Posted 15th October 2009 | 2 Comments

Eurostar reports signs of recovery, while Brown predicts expansion

New figures from Eurostar suggest that the worst effects of the economic downturn on its business may be over. Although the totals for 2009 so far are still lower than 2008, the business market is showing early signs of recovery.

Eurostar said sales revenue in quarter 3 of 2009 was up 6.8% on the same period a year ago.  This improvement is being attributed in part to the effects of the fire in the Channel Tunnel in September 2008 which depressed the results for that quarter, but there has also been growth in the leisure market and a halt in the decline of business sales.

This last indicator is watched particularly carefully by Eurostar, which is keen to maintain its position as Number One in the business market for travel between London and the near continent.

Eurostar CEO Richard Brown said a recovery in business travel appeared to be on the horizon. ‘In recent weeks a number of our major corporate clients have eased their business travel restrictions.  Although it is early days, this may be a sign of an upturn,’ he said.

Ticket sales between January and September 2009 totalled £504.9m, and since the beginning of the year Eurostar has carried 6.9m travellers.  Although this is down 0.9% on 2008, the volume of passengers travelling in Q3 2009 went up to 2.6m, from 2.4m in 2008.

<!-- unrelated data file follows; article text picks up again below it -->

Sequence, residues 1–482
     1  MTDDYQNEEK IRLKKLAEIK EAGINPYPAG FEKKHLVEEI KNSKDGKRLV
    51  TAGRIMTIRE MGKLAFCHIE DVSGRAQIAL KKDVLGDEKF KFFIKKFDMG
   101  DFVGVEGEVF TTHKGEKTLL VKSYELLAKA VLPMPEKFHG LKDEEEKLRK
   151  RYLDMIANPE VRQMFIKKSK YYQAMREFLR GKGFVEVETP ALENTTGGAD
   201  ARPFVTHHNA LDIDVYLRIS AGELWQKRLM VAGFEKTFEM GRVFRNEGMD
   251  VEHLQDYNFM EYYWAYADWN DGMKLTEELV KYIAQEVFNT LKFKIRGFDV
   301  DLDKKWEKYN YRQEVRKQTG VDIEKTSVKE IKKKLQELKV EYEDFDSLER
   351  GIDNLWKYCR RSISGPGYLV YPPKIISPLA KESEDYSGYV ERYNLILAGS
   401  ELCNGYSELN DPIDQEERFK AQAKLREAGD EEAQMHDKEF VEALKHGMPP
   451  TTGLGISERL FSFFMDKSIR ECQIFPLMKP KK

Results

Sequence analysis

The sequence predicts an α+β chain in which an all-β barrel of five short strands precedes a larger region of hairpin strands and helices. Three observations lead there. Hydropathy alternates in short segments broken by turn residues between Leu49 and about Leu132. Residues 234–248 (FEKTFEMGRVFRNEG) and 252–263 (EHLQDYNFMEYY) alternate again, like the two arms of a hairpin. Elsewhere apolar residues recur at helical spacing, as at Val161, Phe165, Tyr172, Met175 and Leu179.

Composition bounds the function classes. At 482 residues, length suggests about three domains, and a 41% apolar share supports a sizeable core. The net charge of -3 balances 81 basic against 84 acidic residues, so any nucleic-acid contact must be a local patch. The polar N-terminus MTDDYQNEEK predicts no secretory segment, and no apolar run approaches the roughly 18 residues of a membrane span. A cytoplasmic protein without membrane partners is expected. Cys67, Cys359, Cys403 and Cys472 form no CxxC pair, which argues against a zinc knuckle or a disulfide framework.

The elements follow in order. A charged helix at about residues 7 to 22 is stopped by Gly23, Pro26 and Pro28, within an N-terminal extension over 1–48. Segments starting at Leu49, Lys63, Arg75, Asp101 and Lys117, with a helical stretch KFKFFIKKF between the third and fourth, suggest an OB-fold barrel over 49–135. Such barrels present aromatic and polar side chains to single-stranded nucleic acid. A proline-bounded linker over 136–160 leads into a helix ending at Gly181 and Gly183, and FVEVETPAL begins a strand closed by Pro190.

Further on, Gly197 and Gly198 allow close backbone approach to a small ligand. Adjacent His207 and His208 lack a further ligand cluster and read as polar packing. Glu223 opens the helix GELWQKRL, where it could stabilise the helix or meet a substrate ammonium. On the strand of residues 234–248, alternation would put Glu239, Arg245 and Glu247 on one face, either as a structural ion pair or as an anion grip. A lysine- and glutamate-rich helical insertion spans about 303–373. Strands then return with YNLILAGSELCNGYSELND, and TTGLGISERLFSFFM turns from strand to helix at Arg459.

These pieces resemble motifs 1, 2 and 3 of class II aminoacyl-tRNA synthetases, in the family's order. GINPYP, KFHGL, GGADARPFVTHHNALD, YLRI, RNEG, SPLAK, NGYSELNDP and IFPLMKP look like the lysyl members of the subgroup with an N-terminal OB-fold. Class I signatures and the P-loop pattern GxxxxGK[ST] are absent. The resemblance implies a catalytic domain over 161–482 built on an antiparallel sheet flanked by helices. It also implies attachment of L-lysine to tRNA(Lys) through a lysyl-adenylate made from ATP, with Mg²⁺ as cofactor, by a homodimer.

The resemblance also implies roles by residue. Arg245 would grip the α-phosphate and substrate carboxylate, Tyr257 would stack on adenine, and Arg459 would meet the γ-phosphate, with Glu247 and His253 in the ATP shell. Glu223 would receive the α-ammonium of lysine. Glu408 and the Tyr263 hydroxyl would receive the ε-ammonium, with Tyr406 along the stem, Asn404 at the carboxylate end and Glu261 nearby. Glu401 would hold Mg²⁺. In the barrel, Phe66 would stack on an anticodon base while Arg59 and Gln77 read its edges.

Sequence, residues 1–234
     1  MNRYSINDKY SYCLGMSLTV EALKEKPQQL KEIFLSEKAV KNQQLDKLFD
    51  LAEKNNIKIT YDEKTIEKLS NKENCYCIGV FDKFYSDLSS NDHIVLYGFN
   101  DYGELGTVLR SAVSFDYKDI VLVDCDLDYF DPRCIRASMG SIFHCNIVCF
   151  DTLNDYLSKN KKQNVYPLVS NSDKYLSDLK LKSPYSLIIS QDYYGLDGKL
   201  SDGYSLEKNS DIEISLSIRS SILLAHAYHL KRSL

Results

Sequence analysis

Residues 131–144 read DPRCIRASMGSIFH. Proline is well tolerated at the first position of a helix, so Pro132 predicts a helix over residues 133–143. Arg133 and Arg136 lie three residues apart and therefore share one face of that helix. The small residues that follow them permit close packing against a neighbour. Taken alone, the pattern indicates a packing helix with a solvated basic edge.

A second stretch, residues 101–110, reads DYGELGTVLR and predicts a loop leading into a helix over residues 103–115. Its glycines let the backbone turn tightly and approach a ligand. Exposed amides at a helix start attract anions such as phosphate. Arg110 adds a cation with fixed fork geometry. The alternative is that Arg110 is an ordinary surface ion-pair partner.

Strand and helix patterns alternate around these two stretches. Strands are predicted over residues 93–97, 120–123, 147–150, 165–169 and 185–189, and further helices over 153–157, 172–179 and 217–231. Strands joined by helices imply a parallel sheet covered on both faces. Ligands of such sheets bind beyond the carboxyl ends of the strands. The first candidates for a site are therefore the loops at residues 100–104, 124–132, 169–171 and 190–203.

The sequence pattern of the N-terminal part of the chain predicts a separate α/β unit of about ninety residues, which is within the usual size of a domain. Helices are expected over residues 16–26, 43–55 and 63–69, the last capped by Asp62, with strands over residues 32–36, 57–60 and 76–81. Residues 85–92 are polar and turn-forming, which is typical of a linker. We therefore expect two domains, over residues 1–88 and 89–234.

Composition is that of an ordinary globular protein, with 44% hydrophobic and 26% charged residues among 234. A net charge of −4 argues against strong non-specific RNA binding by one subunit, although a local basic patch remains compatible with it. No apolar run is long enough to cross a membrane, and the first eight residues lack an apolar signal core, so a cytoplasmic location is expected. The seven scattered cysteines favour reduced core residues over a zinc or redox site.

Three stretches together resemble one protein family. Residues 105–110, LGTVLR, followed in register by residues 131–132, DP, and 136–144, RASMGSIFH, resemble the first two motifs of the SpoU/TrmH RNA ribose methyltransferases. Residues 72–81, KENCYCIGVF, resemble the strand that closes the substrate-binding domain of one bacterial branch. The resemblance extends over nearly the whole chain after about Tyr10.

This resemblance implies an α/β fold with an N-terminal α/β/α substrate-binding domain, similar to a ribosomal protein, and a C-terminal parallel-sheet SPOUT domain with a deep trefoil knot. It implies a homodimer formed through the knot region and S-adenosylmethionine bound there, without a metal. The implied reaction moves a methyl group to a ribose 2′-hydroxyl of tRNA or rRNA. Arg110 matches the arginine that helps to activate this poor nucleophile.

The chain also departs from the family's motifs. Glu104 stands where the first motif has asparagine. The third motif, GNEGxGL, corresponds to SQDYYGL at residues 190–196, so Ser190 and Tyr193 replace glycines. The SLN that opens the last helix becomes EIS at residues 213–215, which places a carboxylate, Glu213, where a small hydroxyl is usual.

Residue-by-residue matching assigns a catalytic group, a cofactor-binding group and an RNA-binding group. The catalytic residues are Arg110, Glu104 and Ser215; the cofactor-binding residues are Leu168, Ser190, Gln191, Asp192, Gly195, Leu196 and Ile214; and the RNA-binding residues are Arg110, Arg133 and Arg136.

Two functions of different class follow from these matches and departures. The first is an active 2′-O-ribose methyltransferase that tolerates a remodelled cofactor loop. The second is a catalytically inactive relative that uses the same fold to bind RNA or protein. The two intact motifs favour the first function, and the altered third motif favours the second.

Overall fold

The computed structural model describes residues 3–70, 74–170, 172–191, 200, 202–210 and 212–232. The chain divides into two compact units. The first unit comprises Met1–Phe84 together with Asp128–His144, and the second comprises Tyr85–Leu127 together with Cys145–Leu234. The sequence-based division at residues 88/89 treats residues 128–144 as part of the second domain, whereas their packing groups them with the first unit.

Meanwhile Mr Brown, who is to become Chairman of Eurostar in January, told a meeting of the Railway Study Association that the next phase of expansion for Eurostar was expected to include Rotterdam and Amsterdam, although the present fleet is not suitable for the new High Speed line in the Netherlands because the trains would need to be equipped for both ERTMS and NS domestic signalling.

The 125km Dutch High Speed line (HSL Zuid), which runs from the Belgian border to a point near Amsterdam Schiphol Airport, opened on 7 September this year after prolonged delays caused by technical problems, particularly with signalling. It will be used by Thalys High Speed services from December.

Mr Brown also speculated that further expansion in Britain could be reviewed once High Speed domestic lines were operating, providing cities such as Birmingham and Manchester with international trains. The original plans for ‘Regional’ Eurostars were abandoned along with sleeper services in 1999, after a consultants’ report said the business case was weak. At that time, Eurostars would have been restricted to ‘classic’ routes beyond London.

Reader Comments:

Views expressed in submitted comments are that of the author, and not necessarily shared by Railnews.

  • Brian, Nottingham, England

    It seems to me that a lot has changed in the rail travel market since 1999:
    - Passenger numbers growing at a rate unseen for 50 years.
    - Improved wcml signalling and capacity;
    It's about time the report which squashed regional eurostar is binned and rewritten. After all, the rolling stock (TGV to eurotunnel spec) for regional eurostar was already built in the 90s and is currently in use by SNCF for domestic TGV routes out of Gare du Nord, routes which could be served by any tgv vehicles.

  • Rich, Calais, France

    Eurostar should add a trial regional service as soon as they can - I think they'd be surprised how popular they are. Birmingham to Paris, followed by Brussels would be a good start.